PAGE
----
RTTNews - Thursday, the British Chambers of Commerce reduced its GDP estimate for the U.K. economy and warned that recovery is neither imminent nor guaranteed. But the business lobby said, There are growing signs that the worst phase of the recession is behind us.
The economy is now expected to shrink 3.8% this year compared to its earlier estimate of 2.8% contraction. A very small growth of 0.6% is expected for 2010. This compares with an 0.8% increase predicted in March.
In its June Economic Forecast, the business lobby said the worst point in the recession was in the first quarter of 2009. The pace of decline is now estimated to moderate significantly with much smaller quarterly drops in the second and the third quarters. The economy is set to expand by the fourth quarter, although at a low level.
BCC Chief Economist, David Kern said Over the next 4 or 5 years, the trend growth of UK GDP is likely to be considerably weaker than in the period proceeding the current recession. The UK medium-term economic outlook is grim and we are facing a period of austerity.
The BCC assessed the current recession as much worse than that of the early 1990s, but it would possibly be less severe than the early 1980s recession.
British unemployment is expected to rise to 3.2 million, or around 10% of the labor force during the second half of 2010. This was unchanged from its March forecast. Higher flexibility of the labor market would avoid a worse outcome in the current recession, with smaller decreases in employment than in early 1990s recession.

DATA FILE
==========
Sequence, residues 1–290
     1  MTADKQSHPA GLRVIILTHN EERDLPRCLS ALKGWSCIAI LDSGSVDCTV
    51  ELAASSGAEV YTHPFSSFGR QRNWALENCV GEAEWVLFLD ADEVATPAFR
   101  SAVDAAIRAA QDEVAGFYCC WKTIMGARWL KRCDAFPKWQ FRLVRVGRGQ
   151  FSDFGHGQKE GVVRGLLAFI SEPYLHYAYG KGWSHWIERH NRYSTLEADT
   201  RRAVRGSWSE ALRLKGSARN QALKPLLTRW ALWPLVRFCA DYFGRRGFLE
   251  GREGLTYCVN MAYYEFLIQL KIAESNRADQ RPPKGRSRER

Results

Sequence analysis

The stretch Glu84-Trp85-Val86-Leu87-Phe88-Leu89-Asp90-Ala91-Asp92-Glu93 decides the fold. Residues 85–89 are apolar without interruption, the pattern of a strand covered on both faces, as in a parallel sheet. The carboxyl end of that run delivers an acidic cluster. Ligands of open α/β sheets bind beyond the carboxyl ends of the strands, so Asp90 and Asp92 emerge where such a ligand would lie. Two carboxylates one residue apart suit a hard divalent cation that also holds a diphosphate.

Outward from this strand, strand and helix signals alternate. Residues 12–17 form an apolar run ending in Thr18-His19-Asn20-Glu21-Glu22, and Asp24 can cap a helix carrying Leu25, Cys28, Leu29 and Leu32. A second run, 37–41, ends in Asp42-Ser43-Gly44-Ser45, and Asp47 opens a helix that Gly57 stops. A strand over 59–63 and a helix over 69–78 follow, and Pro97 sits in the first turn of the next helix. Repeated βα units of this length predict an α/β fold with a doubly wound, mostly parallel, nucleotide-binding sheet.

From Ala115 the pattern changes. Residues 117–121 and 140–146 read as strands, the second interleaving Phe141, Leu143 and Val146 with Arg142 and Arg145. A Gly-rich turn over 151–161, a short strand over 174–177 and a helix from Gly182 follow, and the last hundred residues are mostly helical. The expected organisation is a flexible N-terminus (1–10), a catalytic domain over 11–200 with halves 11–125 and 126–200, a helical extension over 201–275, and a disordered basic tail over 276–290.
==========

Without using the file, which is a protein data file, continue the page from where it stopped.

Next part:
It is critical to avoid measures threatening our labor market flexibility, the BCC stated. Director General of BCC, David Frost said companies should ensure flexibility in order to hold onto their skilled employees. The skill base cannot be eroded further.
Annual inflation is forecast to drop well below 1% in the second half of 2009, forcing the Bank of England Governor to write an open letter to the Chancellor. However, inflation is unlikely to see below zero level in the current recession, the BCC said. The business group assessed deflation to be only a short term problem in the U.K.
Until the second quarter of 2010, the Bank Rate is forecast to remain at 0.5%. Very modest increases are assumed thereafter with rates reaching 1.25% in the last quarter of 2010. They also expect the central bank's asset purchase scheme to increase further to at least GBP 150 billion.
Earlier this week, Confederation of British Industry or CBI said the British economy is showing stabilization, but it will not be until the beginning of 2010 that there will be a return to growth. Ahead of the expected flat reading in the fourth quarter of 2009, the CBI sees a 0.1% quarterly contraction in the third quarter. For 2010, the business group predicts a 0.1% growth in the first quarter and 0.3% in the second quarter.
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